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If you have a question about this talk, please contact Nikolina Skandali.

Transition following discharge from mental health hospital is high risk in terms of relapse, readmission and suicide. Discharge planning supports transition and reduces risk, but it is a complex activity involving varied interacting systemic elements. The MINDS study aims to improve the process for people being discharged, their supporters, and staff who work in mental health services, by understanding, co-designing and evaluating implementation of a systemic approach to discharge planning. The research and co-design methodologies are designed to integrate the perspectives of all key stakeholders to develop an approach to discharge that is implementable and, critically, meets and balances the needs of service users, their supporters, staff and the system.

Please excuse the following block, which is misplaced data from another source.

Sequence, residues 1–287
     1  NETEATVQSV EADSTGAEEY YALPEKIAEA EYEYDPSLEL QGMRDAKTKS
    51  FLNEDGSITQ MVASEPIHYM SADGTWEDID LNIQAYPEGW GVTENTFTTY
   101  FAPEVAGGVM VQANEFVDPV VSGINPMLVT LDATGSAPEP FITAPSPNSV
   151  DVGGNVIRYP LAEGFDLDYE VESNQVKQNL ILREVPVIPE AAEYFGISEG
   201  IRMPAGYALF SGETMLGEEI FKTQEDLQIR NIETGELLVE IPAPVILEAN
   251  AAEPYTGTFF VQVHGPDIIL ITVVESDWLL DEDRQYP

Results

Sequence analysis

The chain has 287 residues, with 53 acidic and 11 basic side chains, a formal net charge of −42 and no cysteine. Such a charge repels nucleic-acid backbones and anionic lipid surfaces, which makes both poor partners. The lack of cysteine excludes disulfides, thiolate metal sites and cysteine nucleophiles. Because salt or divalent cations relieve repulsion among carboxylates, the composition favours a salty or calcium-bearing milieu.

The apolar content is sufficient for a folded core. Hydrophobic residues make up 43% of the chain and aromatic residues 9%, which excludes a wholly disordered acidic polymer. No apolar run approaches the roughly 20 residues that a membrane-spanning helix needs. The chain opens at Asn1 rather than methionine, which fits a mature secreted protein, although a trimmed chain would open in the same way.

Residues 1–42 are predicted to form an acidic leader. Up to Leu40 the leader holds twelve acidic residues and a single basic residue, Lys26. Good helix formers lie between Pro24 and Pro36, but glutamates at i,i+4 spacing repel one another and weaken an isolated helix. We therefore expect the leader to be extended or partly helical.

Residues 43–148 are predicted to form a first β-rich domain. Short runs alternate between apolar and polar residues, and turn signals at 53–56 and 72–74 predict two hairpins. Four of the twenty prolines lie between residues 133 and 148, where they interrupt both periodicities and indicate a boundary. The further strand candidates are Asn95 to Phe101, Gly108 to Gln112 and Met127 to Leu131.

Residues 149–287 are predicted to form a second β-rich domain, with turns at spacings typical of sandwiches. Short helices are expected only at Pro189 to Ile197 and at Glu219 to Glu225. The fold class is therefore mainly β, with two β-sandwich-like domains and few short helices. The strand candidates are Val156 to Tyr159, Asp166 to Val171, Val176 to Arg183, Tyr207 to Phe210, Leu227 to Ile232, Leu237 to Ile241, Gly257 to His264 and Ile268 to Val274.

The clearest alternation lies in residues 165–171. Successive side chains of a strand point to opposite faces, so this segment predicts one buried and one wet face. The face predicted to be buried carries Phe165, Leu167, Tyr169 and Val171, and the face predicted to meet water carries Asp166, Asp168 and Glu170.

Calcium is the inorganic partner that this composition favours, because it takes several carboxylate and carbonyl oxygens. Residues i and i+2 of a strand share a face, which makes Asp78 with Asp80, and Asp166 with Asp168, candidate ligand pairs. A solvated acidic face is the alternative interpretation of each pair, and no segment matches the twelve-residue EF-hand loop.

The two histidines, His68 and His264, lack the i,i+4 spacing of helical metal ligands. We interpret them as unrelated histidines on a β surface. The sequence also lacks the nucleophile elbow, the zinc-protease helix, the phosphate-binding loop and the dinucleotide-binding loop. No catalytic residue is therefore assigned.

The MINDS study (NIHR 133013) integrates realist research and an engineering-informed systems approach across three stages:

· Stage 1 applies realist review and evaluation using a systems approach to develop programme theories of discharge planning.

· Stage 2 uses an Engineering Better Care framework to codesign a novel systemic discharge intervention.

· Stage 3 is a process and economic evaluation of the discharge planning approach in practice.

The programme theories and components of the approach will be refined throughout the study to develop a systemic approach to discharge with accompanying materials and tools to support implementation, ready for a future clinical trial. The idea for the MINDS study was conceived from the co-lead’s lived-experience (Sarah Rae) and includes both lived-experience researchers and a Lived Experience Advisory Group.

This talk is part of the Department of Psychiatry & CPFT Thursday Lunchtime Seminar Series series.

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